Great negotiators are able to question the assumptions that the rest of the involved players accept on faith or in arrogance, and thus remain more emotionally open to all possibilities, and more intellectually agile to a fluid situation.
Arrogance is the keyword here
There's always been, for me, two categories of knowledge acquisition: books and others. So what do we have in other this year?
in 2020, I discovered the hyped The Joe Rogan Experience. It's fantastic. Some interesting sessions:
- Graham Hancock on #1284 - A different account of the world history
- Marianna van Zeller on #1576 - On black markets
- Jacques Vallée & James Fox on #1574 - The scientific response to UFO and extraterrestrial life. It's so much more than ufology.
- Edward Snowden on #1536 - The state of surveillance. What Snowden and The Guardian did is still, to this day, under-appreciated
I have quite the backlog to get to, but those are the ones that left me thinking and doing further research.
Hack: listening at 2x speed helps get through it if you take the time to highlight sections that are relevant to you.
Light novels and mangas
2020 was when I re-discovered light novels and mangas. I know what you're thinking: don't go with pre-conceptions without at least spending some time reading or watching some of them.
You cannot forge an unbiased opinion without researching or experiencing it yourself. If you think otherwise, good for you, but you're wrong. You're limited by your belief system.
A couple of them stood out to me:
- Koe no Katashi - A story about youth, bullying, and the path to redemption. Difficult read on an uncomfortable truth.
- Tate no Yuusha no Nariagari - For when you need a spirit lift in a fantasy world
- Goblin Slayer - Can a fantasy story be darker?
Great visual stories, allows the mind (at least mine) to think and expand horizons. I'll keep at it in 2021, the backlog is also quite long.
- An article: The rules that unite human beings (Link)
- Something to explore: Not everyone has an internal monologue - Link and Link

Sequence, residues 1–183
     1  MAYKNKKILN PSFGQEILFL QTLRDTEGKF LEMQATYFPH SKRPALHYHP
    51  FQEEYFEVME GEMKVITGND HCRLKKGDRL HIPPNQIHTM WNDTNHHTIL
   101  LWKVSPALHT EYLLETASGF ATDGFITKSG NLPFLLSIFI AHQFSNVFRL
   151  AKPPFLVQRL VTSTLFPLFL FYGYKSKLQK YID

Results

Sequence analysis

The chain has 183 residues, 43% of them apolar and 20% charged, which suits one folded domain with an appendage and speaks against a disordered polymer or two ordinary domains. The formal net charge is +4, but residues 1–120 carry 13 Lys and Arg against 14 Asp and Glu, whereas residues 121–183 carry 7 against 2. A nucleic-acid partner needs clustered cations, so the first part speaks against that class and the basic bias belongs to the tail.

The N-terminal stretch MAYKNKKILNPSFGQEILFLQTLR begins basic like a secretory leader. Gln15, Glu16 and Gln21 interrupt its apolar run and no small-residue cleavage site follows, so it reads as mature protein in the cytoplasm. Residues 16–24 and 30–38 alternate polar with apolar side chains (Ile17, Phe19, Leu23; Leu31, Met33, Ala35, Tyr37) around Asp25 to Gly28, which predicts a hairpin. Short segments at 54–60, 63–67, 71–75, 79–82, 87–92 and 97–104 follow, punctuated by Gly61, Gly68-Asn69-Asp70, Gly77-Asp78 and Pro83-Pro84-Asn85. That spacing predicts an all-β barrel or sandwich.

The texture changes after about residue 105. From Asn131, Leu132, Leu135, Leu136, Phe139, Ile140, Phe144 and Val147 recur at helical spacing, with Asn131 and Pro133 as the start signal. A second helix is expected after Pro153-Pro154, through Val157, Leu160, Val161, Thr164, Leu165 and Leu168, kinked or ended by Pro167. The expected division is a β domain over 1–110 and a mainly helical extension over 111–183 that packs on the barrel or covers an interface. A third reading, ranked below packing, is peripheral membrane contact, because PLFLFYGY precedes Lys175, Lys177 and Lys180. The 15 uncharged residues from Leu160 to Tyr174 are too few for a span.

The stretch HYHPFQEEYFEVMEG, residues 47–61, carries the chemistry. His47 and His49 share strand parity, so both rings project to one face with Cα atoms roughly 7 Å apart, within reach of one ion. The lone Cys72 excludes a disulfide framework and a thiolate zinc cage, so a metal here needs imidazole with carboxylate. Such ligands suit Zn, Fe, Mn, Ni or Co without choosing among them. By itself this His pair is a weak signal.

- A quote: "A reader lives a thousand lives before he dies. The man who never reads lives only one" — George R.R. Martin
- Another quote: "There are more things likely to frighten us than there are to crush us; we suffer more often in imagination than in reality" — Seneca
- And a final quote: "Don't fear failure and failure will fear you (in return)" Somehow it makes sense to me. Don't ask.
2020 did not stop at the content above: I (re)discovered new and old music, dwelled into coding, and went on to start the development of my application (Coinlog).
2020 helped me understand digital consumption and its impact on our lives. I was never really present on social media, mostly because there's no value I can derive from it (time spent vs value created), it will not change. I however noticed an increase in YouTube consumption. Analyzing my watch history I can say it's mindful watching as the videos brought some knowledge in one way or another and I stayed clear from "compilations" and other silly and funny productions.
In this overview, I don't write about personal goals as I don't set them. As long as I can grow in the areas that are relevant to me, it does not matter if an arbitrary marker is achieved or not.
2020 was a good year for knowledge and exposure to new information.
In 2021, I will explore the topics of slow technology, the framework of work, knowledge repetition, and the independent mind. I'll write on the topic(s) when I have figured out a plan in 2021.